By way of homage to Brian’s work and to the connections he proved, I have taken another liberty by using images with a little annotation to ornament this site, a motif to brighten the place up a bit. Some images may come from Brian’s archive, others from the web where not under copyright, and yet others with the kind permission of the Victoria and Albert Museum who, in 2019, entered into a partnership with the Wedgwood Museum. I provide full attribution.

    I use Crossword Compiler version 10.

    I am not currently persuaded that the features in version 11 are needed at this time but may think again if the necessity arises!

    Regarding your necessities or options when solving puzzles here, these are covered by what you can see at the bottom of each grid:

    • “Empty grid” deletes any entries you have made and presents you with a blank grid.
    • “Check” will delete any letters you have entered in the grid that are incorrect.
    • “Save” will save your current progress so that you can carry on from where you left off if you need to leave the site.
    • “Solution” reveals all!
    • “Pencil” checkbox if ticked shows the letters you enter in a blue italic font. This is simply to help differentiate between letters you are confident about and letters you are not. Untick the box and overtype when ready to confirm them.
    • The solving time clock starts ticking as soon as you enter a letter into the grid.

    With crosswords for Patrons I shall tend to limit the above to “Save,” the “Pencil” checkbox and the clock.

    Regarding the behaviour and attributes of the puzzle, I can say the experience is a bit clunky in my opinion (particularly if you are used to solving online puzzles published by newspapers) but here’s what you need to know now:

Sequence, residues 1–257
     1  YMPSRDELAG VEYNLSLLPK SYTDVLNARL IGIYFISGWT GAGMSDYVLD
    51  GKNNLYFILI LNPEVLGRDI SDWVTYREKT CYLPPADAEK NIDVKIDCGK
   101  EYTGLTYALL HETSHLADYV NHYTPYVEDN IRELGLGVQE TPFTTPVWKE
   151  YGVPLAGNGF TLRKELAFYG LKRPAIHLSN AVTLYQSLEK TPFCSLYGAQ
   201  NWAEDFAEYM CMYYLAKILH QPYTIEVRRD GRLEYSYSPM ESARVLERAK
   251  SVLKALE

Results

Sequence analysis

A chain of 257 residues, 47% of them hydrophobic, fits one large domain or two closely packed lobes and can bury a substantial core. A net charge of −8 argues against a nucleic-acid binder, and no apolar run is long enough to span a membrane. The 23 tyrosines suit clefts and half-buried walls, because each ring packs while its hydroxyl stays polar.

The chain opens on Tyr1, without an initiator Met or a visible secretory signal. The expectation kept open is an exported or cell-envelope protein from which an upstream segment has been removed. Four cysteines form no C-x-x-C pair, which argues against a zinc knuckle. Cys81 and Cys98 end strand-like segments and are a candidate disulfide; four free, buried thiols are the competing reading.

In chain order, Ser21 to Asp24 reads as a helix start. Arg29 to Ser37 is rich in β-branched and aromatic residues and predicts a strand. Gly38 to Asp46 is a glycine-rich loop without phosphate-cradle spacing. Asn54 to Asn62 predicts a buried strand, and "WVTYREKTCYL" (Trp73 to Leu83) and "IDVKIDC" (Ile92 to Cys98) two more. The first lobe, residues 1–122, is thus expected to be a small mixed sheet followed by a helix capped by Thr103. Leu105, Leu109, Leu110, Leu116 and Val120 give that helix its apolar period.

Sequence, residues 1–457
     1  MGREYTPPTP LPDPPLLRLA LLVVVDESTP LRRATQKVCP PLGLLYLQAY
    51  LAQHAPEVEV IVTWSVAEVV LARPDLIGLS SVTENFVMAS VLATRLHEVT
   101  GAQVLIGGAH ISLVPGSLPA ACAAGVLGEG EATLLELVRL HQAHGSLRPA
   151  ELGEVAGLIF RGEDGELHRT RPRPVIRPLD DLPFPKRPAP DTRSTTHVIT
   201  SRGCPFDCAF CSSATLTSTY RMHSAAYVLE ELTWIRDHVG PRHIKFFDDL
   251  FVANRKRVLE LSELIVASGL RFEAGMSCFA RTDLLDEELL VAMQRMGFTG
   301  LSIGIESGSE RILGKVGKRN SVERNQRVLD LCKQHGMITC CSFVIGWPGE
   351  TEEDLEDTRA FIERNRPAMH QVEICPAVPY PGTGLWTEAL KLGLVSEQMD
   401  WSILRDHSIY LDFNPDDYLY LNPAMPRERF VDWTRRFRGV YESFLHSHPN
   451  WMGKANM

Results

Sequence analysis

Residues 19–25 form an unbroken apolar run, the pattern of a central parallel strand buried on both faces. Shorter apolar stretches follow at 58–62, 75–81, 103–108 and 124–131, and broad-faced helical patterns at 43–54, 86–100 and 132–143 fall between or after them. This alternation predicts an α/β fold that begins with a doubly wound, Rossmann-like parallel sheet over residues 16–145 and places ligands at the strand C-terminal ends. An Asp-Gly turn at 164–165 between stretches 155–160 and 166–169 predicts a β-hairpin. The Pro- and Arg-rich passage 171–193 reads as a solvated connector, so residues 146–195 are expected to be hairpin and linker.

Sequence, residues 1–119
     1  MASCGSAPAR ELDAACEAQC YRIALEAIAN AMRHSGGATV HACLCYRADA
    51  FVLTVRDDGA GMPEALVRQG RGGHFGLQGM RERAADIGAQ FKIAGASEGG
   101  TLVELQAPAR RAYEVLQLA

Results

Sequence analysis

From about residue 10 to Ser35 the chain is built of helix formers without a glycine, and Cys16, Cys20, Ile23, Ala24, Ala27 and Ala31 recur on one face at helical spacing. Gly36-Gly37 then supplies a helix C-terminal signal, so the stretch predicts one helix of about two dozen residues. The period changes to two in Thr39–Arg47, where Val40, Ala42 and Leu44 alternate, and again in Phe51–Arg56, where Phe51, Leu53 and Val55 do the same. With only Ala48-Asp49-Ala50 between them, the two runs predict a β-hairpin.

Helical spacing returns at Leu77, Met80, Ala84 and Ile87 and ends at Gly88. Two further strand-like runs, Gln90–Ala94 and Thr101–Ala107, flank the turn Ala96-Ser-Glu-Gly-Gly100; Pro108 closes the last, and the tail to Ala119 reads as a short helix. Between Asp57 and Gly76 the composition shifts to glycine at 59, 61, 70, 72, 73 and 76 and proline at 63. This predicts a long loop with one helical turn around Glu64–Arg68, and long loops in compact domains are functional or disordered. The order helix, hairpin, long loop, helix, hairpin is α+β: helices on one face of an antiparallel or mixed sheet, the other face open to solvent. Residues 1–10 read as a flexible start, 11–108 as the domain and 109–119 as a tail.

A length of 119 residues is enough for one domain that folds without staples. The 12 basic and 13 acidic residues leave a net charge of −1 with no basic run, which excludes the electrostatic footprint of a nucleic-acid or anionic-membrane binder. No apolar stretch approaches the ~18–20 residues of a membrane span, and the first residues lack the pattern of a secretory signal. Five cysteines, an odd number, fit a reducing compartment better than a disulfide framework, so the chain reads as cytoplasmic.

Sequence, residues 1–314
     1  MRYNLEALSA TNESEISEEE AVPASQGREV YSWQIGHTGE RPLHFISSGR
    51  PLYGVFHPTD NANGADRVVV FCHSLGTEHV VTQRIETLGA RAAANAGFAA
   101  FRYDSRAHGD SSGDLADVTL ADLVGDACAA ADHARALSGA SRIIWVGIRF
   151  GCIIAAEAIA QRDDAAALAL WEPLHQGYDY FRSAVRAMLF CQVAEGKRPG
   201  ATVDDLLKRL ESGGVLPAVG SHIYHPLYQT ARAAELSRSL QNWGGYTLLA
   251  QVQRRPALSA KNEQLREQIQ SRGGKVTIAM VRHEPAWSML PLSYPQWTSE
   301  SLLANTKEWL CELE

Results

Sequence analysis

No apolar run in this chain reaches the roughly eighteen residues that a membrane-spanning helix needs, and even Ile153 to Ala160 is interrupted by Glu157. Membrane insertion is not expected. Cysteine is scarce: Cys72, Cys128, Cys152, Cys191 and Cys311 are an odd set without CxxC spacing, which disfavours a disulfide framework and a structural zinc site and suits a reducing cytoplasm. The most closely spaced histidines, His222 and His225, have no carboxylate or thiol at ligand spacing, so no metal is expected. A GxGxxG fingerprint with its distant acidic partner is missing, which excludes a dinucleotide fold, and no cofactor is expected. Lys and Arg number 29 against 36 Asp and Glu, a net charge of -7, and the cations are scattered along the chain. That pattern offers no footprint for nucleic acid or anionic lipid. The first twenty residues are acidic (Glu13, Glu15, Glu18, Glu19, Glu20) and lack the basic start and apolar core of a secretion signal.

• clues highlight red corresponding to the currently selected grid square. This means both the Across and Down clues if the current square is at an intersection;
    • use the scroll bars to see all the clues;
    • when entering letters the cursor by default moves to the next available square, skipping over squares that are already filled, for example from a checking word already entered;
    • use the up, down, left and right arrows on your keyboard to navigate around — this may take some getting used to as the outcome is not always intuitive and it may be helpful if you want to edit letters in the grid instead of skipping them; alternatively, click on the required square with your mouse.

    When you successfully solve a puzzle you will see a congratulatory message pop up. If it doesn’t then you haven’t.

    That constitutes the end of the solving experience at this stage. Well done! For now, there is no option to submit puzzles to me, for whatever purpose that may one day serve, but so long as you save you should always be able to come back to puzzles even those you have done.

    Importantly, you also have an opportunity to comment on a cryptic once I have posted on its solution and take part in whatever conversation may ensue, which I hope it does. I ask as a courtesy to other Patrons that you comment on a crossword only in the solution post and not elsewhere. Thank you. 

    Last updated: 27 December 2023.